People willingly drive across town to save 50 cents on a carton of milk. But when it comes to health care, they don't want to think about how much it costs, and they don't want their doctors to think about it either, according to a recent study in the journal Health Affairs.
That's not good news for those who hope to nudge people into being more cost-conscious health care consumers.
"Our findings present some challenges to doctors and to policymakers, insurers, employers — just about everybody who's concerned about the rising cost of health care," says the study's co-author Susan Dorr Goold at the Center for Bioethics and Social Sciences in Medicine at the University of Michigan.
Researchers probed the attitudes of 211 focus group participants in Washington, D.C., and Santa Monica, Calif. Participants were asked to weigh their own out-of-pocket costs as well as the costs borne by their insurer under scenarios in which the diagnostic and treatment options for various medical problems were nearly identical in effectiveness but varied substantially in price. For example, they were asked to consider getting an MRI versus a much less expensive CT scan if they'd had a headache for three months.
The results were discouraging. According to the researchers, the people in the focus groups generally did not understand how insurance works. In addition, they felt little personal responsibility for keeping health costs lower.
They were also unlikely to accept a less expensive treatment option, even if it was nearly as effective as a more expensive choice. Moreover, they were antagonistic toward insurers and seemed to be motivated to choose expensive care out of spite.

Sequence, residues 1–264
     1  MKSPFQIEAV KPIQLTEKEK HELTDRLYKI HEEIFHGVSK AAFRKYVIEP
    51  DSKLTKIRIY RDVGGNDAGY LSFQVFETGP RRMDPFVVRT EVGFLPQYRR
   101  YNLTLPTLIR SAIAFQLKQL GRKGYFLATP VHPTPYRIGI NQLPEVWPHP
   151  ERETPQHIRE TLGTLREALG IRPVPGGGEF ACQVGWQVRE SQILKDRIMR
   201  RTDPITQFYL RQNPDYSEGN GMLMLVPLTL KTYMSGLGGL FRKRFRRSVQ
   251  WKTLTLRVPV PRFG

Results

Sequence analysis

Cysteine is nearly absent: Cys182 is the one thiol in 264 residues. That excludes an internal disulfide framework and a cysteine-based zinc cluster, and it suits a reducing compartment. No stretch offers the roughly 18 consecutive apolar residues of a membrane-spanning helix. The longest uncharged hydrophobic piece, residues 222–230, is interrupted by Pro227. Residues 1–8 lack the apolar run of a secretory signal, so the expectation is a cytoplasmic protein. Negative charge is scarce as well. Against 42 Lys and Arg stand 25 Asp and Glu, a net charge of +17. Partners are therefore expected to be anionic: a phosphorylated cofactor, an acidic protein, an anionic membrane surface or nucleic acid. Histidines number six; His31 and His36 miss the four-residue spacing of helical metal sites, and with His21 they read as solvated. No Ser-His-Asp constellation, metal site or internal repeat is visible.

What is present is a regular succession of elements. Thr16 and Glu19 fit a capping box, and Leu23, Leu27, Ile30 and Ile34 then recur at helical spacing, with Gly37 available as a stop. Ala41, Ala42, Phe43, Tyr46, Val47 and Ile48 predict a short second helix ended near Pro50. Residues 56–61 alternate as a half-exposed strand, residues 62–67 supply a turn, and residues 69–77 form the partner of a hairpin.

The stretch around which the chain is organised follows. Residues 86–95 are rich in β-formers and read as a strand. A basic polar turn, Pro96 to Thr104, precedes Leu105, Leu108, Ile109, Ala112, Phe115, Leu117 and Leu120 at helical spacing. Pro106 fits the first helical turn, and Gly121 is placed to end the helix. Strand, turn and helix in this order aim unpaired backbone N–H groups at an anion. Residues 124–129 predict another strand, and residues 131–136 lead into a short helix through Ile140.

"There was an almost vengeful attitude toward insurance companies," says Goold.
Still, Goold says she's somewhat optimistic about the possibility that people can be encouraged to change their attitudes about weighing medical costs. She pointed to changes in end-of-life care over the past 30 years as an example. As hospice and palliative care have become widely accepted, the focus of patients, their families and providers has shifted toward improving quality of life through pain and symptom management rather than necessarily extending life.
Insurance plan design can also encourage people to think differently, she says. Value-based insurance design, for example, links patient out-of-pocket costs to the clinical value of a particular service. In the case of a patient who wants an MRI instead of a CT scan, under VBID the insurer could encourage the more cost-effective choice by charging a higher copay for the MRI.
"Although we know from other research [that] patients certainly consider their out-of-pocket costs, they're not very good at
deciding what's worth spending extra money on," says Goold. "Doctors have to be part of the discussion about the value of different options."